It’s worth pointing out that the credit card number included in the receipt did not match any card that I own. Otherwise, there was nothing strange about this receipt (well, other than the fact that I hadn’t bought anything from this store). The only JavaScript the page was executing was a small, un-obfuscated script that sent analytics data back to a server on the paypal.com domain. I was never prompted to enter any account credentials or otherwise sensitive information. The site also used a valid SSL certificate for PayPal:

A screenshot of Google Chrome's certificate viewer confirming that the site's security certificate is valid

If this was a phishing attack, it was either the best or worst phishing attack in the world, depending on your perspective. It was pretty clear to me that this was a legitimate email that was sent to my address mistakenly, so I called up PayPal’s customer support number to try to figure out what was going on.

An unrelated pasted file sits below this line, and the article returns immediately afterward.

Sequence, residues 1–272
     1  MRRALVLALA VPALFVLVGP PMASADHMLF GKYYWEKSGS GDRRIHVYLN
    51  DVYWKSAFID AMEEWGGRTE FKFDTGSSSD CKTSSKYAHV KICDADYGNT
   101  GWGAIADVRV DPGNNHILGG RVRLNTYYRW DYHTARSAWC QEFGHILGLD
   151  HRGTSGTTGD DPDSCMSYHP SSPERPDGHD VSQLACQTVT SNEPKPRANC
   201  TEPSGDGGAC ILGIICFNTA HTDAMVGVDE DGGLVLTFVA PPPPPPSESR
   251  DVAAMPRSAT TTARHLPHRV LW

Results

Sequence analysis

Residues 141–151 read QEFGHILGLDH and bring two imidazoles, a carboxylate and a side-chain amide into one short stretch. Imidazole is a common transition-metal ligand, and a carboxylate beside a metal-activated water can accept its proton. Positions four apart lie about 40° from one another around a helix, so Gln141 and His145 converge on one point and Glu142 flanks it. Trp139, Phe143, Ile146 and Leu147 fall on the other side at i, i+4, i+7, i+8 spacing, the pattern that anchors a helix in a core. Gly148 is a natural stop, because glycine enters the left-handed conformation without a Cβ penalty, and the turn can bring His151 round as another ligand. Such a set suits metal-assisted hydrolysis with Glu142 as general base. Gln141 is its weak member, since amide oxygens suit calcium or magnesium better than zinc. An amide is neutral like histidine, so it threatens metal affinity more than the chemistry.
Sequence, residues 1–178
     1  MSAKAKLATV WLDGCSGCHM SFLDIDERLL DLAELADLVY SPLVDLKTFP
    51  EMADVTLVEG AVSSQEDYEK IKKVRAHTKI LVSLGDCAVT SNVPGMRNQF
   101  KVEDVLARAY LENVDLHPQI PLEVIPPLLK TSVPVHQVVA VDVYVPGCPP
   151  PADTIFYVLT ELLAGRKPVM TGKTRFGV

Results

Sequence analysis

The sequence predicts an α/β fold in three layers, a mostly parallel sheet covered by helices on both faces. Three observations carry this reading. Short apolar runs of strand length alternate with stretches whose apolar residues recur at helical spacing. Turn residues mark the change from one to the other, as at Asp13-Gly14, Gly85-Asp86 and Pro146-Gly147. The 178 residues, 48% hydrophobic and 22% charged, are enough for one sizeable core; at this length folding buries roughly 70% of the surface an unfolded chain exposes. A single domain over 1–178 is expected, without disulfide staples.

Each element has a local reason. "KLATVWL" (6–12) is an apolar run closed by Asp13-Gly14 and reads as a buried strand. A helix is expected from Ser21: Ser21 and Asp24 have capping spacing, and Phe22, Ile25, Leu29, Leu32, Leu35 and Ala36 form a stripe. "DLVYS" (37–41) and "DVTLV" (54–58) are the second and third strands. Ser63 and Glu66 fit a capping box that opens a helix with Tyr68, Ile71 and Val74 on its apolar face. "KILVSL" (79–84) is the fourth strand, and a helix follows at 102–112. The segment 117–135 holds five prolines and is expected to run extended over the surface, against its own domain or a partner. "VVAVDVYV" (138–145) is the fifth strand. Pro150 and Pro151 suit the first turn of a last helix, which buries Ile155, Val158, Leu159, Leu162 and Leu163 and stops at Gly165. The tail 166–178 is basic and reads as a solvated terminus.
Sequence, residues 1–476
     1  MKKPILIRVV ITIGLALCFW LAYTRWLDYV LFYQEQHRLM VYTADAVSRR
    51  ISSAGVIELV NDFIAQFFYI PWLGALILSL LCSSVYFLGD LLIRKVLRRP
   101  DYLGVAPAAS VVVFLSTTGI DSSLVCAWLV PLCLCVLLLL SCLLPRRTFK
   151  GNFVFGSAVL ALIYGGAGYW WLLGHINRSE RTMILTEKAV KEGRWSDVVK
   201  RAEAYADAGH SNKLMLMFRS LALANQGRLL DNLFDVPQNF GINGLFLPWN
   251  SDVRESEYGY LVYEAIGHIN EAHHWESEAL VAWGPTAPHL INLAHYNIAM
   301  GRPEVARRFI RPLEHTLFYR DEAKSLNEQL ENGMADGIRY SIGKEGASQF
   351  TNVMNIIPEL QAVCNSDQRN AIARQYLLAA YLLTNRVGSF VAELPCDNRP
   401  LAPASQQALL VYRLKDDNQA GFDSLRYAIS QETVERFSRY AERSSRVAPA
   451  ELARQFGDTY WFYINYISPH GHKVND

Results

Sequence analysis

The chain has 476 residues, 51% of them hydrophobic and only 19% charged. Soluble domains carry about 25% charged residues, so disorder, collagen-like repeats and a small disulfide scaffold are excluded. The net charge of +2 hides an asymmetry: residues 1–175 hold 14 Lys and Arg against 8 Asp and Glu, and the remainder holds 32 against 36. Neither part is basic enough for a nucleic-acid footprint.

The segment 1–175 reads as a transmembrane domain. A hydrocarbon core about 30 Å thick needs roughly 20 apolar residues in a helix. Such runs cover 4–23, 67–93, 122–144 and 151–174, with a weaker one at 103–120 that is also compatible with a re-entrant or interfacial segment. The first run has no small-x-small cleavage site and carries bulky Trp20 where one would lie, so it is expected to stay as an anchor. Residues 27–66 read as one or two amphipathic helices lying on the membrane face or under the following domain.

PayPal’s phone support is pretty aggressive in trying to prevent you from talking to a human being. It’s a voice-activated menu system, and when I said I wanted to discuss an unexpected email, it played me a generic message about phishing prevention tips and hung up on me (!). I called back and just repeated “I want to talk to a person” over and over until the system said that it would connect me to an agent.

The agent I spoke with might as well have been a recording. After I explained what was going on, she immediately told me that the email was a phishing message because, apparently, PayPal never emails you a link to view a receipt and always begins its emails with a greeting that addresses you by name. I asked her how she could explain the SPF and DKIM authentication, the valid SSL certificate, etc. and she did not seem to understand what those things were. She just kept repeating the same scripted lines about phishing messages over and over again like a broken record. I finally gave up and ended the call.